- Government employees lobbied Lew Porter for bigger offices constantly. Being the high-strung man he was, he lost all patience in 1913 after the state bank examiner deviated from the project plans in effort to secure a new office. Porter waited until the examiner was out of town and then dismantled his office.
- Two people died during the decade-long construction of the new capitol building. One man died while attempting to place an American flag on the building’s highest point during the Fourth of July. The man, who according to an eyewitness report had "filled himself to a good capacity with liquor," lost balance and fell to his death. The second death was that of Dan Logan. When assembling statuary to be placed on the building, a four-ton piece of granite cracked beneath one statue, sending the whole thing down to the street. Logan was killed instantly but the rest of his crew were unharmed.
- The new Wisconsin State Capitol was completed in 1917, but there was no formal celebration to mark its opening until 1965. When construction wrapped up, the United States had just entered World War I, and most Wisconsinites were more concerned with their sons and husbands headed to France than thinking about how to celebrate the building’s completion.
- George Post didn't live to see the completion of the building he designed. Post's two sons took over managing constructing after their father's death in 1913. Lew Porter lived to see the final results of his hard work, but didn't enjoy it for long. Edmonds described how Porter "literally worked himself to death, passing away at age 56 from hypertension and kidney disease just a few months after the building was finished."
- An eyewitness account about Gov. Robert La Follette's response to the 1904 fire: "He ran everywhere through the burning building, directing the work of rescue of valuable records and documents. He helped carry out paintings, furniture, the archives of state government until two citizens took him by the arm and dragged him out of the building. He was completely soaked from head to foot, but he couldn't be put down. After changing into dry clothes, he ran back into the fire."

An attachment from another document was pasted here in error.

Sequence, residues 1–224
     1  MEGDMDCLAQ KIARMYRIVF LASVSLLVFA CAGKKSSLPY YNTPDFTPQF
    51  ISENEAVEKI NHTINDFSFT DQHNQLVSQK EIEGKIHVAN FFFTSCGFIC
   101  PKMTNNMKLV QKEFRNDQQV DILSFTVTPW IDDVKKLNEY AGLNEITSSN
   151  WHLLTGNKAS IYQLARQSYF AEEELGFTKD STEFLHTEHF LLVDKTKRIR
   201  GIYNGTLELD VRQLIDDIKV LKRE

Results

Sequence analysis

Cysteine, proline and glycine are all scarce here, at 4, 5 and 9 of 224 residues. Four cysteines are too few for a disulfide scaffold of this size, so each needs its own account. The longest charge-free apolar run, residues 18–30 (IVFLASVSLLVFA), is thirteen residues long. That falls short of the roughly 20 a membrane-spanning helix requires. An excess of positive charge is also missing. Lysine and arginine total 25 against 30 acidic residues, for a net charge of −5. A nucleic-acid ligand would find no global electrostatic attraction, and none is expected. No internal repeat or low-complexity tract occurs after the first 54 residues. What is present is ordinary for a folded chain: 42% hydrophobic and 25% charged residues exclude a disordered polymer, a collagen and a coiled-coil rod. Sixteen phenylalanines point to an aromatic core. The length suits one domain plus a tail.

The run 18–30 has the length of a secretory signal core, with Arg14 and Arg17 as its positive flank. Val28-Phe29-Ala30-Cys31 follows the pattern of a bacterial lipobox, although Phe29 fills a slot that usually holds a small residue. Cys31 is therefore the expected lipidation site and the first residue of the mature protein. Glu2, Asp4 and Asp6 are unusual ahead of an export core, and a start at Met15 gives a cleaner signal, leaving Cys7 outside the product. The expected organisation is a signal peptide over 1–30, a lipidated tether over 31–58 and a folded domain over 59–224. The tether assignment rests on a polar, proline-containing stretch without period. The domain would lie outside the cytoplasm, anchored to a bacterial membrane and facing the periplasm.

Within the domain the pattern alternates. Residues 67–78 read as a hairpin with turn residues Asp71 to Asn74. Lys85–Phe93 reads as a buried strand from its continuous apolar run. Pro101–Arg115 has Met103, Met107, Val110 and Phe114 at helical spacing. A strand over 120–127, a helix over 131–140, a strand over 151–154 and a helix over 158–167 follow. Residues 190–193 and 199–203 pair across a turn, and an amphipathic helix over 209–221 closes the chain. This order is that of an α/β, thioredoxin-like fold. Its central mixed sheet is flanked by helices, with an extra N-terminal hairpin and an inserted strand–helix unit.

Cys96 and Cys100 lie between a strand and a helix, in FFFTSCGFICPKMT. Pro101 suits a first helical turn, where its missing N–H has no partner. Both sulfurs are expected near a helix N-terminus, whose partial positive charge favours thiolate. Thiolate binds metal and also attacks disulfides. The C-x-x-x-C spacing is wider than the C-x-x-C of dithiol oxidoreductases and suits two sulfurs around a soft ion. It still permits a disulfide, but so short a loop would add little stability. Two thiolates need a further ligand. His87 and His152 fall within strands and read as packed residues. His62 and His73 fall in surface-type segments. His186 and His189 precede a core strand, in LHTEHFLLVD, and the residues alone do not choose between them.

- On the capitol commission’s vision for a new building: "Most of the people who worked in this commission were old enough to remember coming to Wisconsin and living in log cabins. They'd gone from nothing to being powerful, affluent people who could make decisions about things like the state capitol."
- On the design of the new capitol: "The people who built our capitol didn't want anything to do with Modernism. They wanted the building to look backwards in time. And so the paintings could have been done in 1880 as easily as 1910."
- On the cost of the new capitol: "[Some] legislators were opposed to the cost that such an opulent building would require. Post's fee … was calculated as a percentage of the total project cost, and one senator hinted there as a direct relationship between the architect's specifications for expensive materials and his bank account. Senator Marsh tried to prevent the state from spending enough money to realize Post’s vision, but his proposal was ultimately rejected in a close vote."
- On justification for using expensive materials: "I think we would all agree a hundred years later that if you take away all of those different kinds of gorgeous marble and you take away the painting, you don't really have a shrine to democracy and freedom at all."